Skip to main content

Web Content Display Web Content Display

News

Breadcrumb Breadcrumb

Web Content Display Web Content Display

Link to LinkedIn

Web Content Display Web Content Display

Web Content Display Web Content Display

Alumni Stories: Sławomir Tadeja

Alumni Stories: Sławomir Tadeja

“The idea I find interesting is to promote local graduate associations. I am aware of how many of my fellow graduates decided to stay abroad all over the world, from the Silicon Valley to New York, from London to Berlin. I think associations like these could help the integration and bring together people who might well be working in the same company and not know how much they have in common.(...)"

Name: Sławomir Tadeja

Place of residence: Cambridge, Great Britain

Job position:  PhD student, tutor

Field of study: IT, applied IT


What are your best memories from studying at the Jagiellonian University?

Without a doubt, the time I spent with my friends. We went out together all the way through college to talk about “everything and nothing,” from philosophy and literature to politics, history, IT and technology.

 How did your professional career start? What were the turning points?

I suppose the main (and rather unusual) turning point came when I started cooperating with professor Paweł Moskal, who later went on to supervise my MA thesis. I got the first taste of scientific work under professor Moskal’s direction. I should also add that this collaboration encouraged me to apply for a one-year scholarship at CERN where I was then taken on as a technical student, working as part of a team responsible for the Compact Muon Solenoid, one of the four large experiments making up the Large Hadron Collider project.

 How did your education contribute to your professional career?

If it hadn’t been for the work I did with professor Moskal, I probably wouldn’t have been offered a placement at CERN, which put my career on a fast track. Also, from experience I can tell that graduates of the Jagiellonian University, as well as Polish IT specialists in general, enjoy a good reputation in Europe and world-wide as I have had plenty of opportunities to find out for myself.

Tell us a little bit about your current job. What do you do?

Currently, I am a PhD student at Cambridge University’s Engineering Department. I am working on an interdisciplinary PhD project spanning across such widely distant domains as human-computer interaction, aeronautic design, civil engineering, architecture and digital twins used in aeronautics and in the refining industry. Generally, my specialities include the design and implementation of visualisations with multidimensional data using immersive analytics or – in this particular case – industrial visual analytics in Virtual Reality technology.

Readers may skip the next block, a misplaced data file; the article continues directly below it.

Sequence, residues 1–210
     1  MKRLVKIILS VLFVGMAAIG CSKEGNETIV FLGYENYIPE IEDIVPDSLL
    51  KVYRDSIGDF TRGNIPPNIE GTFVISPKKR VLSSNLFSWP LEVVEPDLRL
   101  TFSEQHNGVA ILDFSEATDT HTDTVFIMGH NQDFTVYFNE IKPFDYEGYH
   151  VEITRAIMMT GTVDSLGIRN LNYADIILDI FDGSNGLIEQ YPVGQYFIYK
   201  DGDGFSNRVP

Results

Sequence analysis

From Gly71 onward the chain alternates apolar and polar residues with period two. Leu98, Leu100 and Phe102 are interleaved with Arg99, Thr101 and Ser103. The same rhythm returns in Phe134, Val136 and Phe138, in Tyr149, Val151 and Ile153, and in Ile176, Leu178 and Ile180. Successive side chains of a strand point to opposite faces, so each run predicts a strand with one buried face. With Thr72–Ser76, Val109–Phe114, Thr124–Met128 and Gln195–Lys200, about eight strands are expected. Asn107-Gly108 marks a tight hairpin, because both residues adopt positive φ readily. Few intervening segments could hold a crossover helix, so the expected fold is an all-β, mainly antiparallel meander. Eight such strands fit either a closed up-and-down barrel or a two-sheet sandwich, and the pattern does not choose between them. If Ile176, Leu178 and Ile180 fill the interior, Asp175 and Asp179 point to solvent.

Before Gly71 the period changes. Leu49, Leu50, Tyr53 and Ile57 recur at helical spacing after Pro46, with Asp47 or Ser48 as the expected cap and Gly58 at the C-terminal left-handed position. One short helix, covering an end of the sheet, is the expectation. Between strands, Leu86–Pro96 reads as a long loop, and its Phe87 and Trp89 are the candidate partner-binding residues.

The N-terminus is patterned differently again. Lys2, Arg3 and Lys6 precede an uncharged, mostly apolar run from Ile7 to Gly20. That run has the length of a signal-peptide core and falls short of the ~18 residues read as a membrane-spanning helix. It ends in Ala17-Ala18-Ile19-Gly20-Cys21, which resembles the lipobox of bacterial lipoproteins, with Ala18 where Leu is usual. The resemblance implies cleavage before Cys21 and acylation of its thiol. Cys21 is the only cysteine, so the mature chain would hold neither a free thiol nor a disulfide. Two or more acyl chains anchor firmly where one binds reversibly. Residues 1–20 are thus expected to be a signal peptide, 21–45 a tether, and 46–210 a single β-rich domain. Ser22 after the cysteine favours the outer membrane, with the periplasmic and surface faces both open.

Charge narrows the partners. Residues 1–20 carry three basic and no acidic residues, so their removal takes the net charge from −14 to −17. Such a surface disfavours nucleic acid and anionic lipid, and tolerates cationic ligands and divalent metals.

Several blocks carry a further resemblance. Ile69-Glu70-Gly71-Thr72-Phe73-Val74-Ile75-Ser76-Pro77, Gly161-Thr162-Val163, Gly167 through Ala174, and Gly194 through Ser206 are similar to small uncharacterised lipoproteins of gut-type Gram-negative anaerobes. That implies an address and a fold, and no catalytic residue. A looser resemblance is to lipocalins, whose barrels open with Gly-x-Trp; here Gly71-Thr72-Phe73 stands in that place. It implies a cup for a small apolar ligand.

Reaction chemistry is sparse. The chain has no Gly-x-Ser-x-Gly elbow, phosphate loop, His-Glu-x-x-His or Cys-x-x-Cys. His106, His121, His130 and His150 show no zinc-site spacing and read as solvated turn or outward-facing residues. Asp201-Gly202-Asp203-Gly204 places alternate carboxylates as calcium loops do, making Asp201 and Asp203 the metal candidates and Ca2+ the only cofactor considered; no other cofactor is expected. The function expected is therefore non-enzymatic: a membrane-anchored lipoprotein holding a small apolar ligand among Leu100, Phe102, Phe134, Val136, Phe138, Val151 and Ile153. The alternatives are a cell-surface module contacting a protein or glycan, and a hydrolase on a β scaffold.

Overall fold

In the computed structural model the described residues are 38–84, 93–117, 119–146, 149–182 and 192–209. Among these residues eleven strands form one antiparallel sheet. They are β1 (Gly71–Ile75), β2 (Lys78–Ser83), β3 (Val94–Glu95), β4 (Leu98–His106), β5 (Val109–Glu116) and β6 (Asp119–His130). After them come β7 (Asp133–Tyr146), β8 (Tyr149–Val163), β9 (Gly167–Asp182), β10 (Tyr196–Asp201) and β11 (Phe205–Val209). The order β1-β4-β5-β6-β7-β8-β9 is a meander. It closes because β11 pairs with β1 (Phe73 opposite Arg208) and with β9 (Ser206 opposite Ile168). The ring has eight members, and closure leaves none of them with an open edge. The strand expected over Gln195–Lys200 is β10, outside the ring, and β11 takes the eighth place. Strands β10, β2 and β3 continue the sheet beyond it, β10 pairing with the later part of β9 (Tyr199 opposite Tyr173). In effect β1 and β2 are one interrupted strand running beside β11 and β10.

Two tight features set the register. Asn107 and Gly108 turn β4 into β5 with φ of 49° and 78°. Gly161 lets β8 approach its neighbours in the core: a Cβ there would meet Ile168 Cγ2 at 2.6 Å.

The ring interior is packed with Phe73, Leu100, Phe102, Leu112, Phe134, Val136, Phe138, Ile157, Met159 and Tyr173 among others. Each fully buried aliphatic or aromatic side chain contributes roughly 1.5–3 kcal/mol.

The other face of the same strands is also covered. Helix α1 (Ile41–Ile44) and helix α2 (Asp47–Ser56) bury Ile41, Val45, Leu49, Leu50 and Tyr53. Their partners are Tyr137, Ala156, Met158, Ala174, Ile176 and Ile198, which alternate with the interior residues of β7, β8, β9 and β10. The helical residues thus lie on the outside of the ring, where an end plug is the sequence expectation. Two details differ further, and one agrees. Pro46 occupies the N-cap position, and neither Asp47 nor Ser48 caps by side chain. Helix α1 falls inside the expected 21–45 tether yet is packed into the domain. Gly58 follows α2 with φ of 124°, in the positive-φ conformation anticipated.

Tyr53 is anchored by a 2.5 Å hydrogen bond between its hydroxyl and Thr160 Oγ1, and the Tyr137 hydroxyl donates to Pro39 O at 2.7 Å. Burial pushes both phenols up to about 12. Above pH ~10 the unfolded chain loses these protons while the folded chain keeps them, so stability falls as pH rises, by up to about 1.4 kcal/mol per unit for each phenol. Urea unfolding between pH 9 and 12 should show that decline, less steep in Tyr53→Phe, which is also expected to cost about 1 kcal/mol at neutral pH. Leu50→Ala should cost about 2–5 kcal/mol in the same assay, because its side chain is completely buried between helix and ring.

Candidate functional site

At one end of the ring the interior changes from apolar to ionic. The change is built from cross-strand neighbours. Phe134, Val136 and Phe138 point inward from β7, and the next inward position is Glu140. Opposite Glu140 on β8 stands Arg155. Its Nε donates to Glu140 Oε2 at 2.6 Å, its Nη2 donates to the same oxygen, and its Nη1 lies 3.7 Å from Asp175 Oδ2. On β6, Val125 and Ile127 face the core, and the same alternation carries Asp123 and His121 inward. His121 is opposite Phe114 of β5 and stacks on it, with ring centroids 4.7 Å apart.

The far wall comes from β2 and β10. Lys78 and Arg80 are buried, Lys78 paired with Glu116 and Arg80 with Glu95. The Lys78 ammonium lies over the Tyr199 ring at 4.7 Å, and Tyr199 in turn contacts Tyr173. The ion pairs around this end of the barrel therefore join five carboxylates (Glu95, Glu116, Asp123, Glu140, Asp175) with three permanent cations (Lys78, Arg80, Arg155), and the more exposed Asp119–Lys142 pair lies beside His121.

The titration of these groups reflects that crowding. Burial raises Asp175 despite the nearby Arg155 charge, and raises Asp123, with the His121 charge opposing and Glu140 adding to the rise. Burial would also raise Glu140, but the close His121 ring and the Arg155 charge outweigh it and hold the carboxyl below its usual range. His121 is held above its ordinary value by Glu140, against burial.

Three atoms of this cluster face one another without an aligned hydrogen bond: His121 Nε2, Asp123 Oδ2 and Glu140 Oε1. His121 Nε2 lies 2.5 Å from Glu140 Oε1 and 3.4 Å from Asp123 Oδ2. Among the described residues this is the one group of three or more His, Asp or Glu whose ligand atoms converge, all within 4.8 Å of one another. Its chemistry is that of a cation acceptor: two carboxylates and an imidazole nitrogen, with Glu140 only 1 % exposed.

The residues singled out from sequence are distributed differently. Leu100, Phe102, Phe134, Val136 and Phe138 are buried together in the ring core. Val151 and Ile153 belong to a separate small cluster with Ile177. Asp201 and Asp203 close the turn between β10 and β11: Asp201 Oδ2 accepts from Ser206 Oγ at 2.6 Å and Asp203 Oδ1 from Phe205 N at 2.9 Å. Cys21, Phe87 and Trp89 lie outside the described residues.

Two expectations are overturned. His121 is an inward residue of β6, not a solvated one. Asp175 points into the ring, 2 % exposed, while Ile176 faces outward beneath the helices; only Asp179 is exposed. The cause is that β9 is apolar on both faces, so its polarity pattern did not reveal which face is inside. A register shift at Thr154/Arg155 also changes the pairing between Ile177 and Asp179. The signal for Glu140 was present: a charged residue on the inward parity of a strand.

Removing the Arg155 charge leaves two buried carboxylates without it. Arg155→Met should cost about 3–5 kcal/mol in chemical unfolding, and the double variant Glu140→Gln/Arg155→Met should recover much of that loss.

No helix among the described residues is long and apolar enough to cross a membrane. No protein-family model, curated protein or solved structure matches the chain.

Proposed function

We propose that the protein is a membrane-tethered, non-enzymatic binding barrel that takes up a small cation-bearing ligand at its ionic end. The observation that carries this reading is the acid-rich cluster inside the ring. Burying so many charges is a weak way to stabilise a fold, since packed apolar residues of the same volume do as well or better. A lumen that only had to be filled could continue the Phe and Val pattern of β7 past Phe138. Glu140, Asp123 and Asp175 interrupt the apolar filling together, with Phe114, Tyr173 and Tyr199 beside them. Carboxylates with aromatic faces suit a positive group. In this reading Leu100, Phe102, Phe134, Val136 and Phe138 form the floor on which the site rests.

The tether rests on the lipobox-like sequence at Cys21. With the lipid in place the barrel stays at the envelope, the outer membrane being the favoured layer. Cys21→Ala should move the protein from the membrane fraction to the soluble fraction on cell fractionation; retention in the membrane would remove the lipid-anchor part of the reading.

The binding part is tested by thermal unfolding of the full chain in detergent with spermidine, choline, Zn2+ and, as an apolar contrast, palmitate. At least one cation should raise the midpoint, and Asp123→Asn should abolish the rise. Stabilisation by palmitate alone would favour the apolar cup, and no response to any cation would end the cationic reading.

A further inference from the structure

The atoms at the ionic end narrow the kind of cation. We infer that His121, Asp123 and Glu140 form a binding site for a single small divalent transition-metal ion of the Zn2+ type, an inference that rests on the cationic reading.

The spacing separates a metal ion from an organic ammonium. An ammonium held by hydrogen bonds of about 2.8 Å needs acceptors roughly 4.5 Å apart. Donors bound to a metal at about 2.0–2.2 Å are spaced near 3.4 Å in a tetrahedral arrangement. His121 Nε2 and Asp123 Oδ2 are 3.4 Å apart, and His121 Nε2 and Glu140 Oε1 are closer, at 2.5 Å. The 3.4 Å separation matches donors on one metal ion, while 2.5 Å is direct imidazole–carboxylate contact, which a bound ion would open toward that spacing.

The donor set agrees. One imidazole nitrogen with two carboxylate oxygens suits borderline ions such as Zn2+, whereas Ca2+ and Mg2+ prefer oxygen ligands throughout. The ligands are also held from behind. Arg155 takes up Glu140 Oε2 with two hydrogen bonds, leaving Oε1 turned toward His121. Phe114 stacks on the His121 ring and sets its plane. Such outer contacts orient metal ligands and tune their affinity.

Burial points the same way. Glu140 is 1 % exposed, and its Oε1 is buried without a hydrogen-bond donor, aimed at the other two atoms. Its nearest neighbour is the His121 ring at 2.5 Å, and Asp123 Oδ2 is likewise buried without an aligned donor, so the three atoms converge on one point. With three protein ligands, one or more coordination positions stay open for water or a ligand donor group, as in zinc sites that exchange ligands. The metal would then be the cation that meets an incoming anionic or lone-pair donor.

What are your biggest challenges?

Complete my dissertation and take the final exam.

What is life and work like in Great Britain?

In many ways, life in Great Britain seems much more comfortable. However, we should remember that I am in a unique position, being a part of Cambridge’s collegiate system. In a sense, my college (Trinity Hall) is responsible for looking after me by providing food and shelter as well support in my studies and research.

Zdjęcie ze zbiorów absolwenta przedstawiające rzekę Cam.

Photo from the graduate's own collection. 

What is your definition of success?

A loving family and a place to call home. Everything else is secondary.

What advice/tips do you have for students entering the job market?

I can’t stress enough how important it is to accumulate experience when you’re still in college. I would recommend, if possible, applying for placements early, even in the first year of university. This may not be your dream job, the salary might leave a lot to be desired, but at least you will gain the experience to give you an edge in your chances of employment after graduation.

How, in your opinion, could the Jagiellonian University cooperate with graduates?

I think a lot has changed in that respect within the last few years and the changes are for the better. What I consider very interesting is our Alma Mater’s mentoring project for students. I think this project cultivates bonds across generations between the Jagiellonion University’s present and past students.

Another idea I find interesting is to promote local graduate associations. I am aware of how many of my fellow graduates decided to stay abroad, all over the world from the Silicon Valley to New York, from London to Berlin. I think associations like these could help the integration and bring together people who might well be working in the same company and not know how much they have in common. Of course, this could be a grassroots movement, but the University would be well advised to provide some form of guidance, such as by running an on-line database of such associations and link individual websites with “uj.edu.pl”.

Recommended
Joint Research Centre’s “Call for scientific trainees” is now open for applications (October 2024 session)

Joint Research Centre’s “Call for scientific trainees” is now open for applications (October 2024 session)

Anniversary Jagiellonian University Alumni Meeting 14-15.09.2024. Let's meet in Cracow!

Anniversary Jagiellonian University Alumni Meeting 14-15.09.2024. Let's meet in Cracow!

Finance gaduates wanted - apply for the International Finance Graduate Program in Plastic Omnium

Finance gaduates wanted - apply for the International Finance Graduate Program in Plastic Omnium

Webinar for JU graduates: `Communication skills. How they can help you succeed`

Webinar for JU graduates: `Communication skills. How they can help you succeed`